Note that the dorsal dilator muscle shown in Fig. 5 A did not completely reach steady state, even within 50 sec of rhythmic stimulation. In general, the response of this muscle consisted of an initial rapid (2–5 contractions) temporal summation followed by a very slow rise (attributable to facilitation of the phasic contraction component) that could continue for as long as 2–5 min before steady state was achieved completely (Morris and Hooper, 1996). In experiments in which such long trains were used, the muscles showed fatigue before sufficient trains could be delivered to fully characterize muscle response properties. We therefore instead used trains of at least 50 sec duration, because full temporal summation was well achieved within these times. To test for any confounding effects of the slow facilitation, we performed our data analyses at several times into the trains. Provided the analyses were performed after the full temporal summation had been achieved, in no case did the results of these analyses differ with respect to the time into the train (see below). Except where noted, in all cases shown here the data were taken at least 50 sec into the train.
Figure 5 B shows averaged percent phasic data from 12 preparations. As expected from the data in Fig. 5 A, dorsal dilator muscle contractions were not completely phasic at any cycle period. At the shortest period, the muscle was almost completely tonic (13 ± 14 percent phasic). As the period increased, percent phasic increased to 38 ± 21 at a 1 sec period, and to 66 ± 15 at a 2 sec period (all groups different at p < 0.0001; Kruskal–Wallis test).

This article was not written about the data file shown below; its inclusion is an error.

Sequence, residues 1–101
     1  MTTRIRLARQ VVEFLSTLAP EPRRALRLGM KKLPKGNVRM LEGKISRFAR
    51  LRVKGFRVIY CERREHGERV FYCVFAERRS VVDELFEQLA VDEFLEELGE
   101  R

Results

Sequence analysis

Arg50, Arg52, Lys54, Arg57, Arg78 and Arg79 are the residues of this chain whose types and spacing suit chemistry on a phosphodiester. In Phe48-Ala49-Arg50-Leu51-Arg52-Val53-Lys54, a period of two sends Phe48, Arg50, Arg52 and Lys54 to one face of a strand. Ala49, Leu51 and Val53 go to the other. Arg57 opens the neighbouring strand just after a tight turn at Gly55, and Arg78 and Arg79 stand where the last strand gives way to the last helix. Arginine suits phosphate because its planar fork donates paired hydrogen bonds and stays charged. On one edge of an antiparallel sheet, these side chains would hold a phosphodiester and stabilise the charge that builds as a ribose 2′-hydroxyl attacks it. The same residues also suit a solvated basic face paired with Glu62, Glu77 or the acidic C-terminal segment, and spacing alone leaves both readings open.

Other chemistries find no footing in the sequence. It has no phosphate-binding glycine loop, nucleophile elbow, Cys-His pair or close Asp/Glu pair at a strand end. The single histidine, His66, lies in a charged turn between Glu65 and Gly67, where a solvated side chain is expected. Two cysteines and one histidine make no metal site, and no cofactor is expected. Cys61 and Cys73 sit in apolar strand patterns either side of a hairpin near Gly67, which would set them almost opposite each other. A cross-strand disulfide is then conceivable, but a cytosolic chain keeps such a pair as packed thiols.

These observations naturally led to the question of what neural input parameters code the various contraction amplitudes and percent phasic. We have shown previously that unlike higher vertebrate muscles in which amplitude is coded by intraburst spike frequency, the amplitude of individual dorsal dilator muscle contractions in response to physiological neural inputs is coded by burst spike number (Morris and Hooper, 1997). Because these previous methods for quantitatively distinguishing spike number versus spike frequency amplitude coding involved analyses of tetanic contractions, they are inappropriate for the rhythmic train data reported here. An alternative method is to (1) induce muscle contractions with trains containing various spike numbers, intraburst spike frequencies, and cycle periods, (2) plot all contraction components against spike number, spike frequency, and cycle period, and (3) determine which parameter best predicts each component.
Visual examination of contraction trains in which burst spike number, intraburst spike frequency, or cycle period were kept constant (Fig.6; all trains are from the same experiment) suggested that phasic amplitude is spike number dependent, tonic, average, and total amplitudes are spike-frequency dependent, and percent phasic is cycle-period dependent. Figure 6 Ashows two trains with the same burst spike number (16), one at a 2 sec period (left; burst duration 0.5 sec, intraburst spike frequency 30 Hz) and one at a 1 sec period (right; burst duration 0.25 sec, intraburst spike frequency 60 Hz). Phasic amplitude (insets) is similar in each train, but tonic, total, and average amplitudes, and percent phasic, are not. Figure6 B shows two trains stimulated with the same intraburst spike frequency (30 Hz), one at a 0.5 sec period (left; burst duration 0.125 sec, spike number 4), and one at a 1 sec period (right; burst duration 0.25 sec, spike number 8). The phasic amplitude and percent phasic of these trains are different, whereas their tonic, total, and average amplitudes are approximately similar.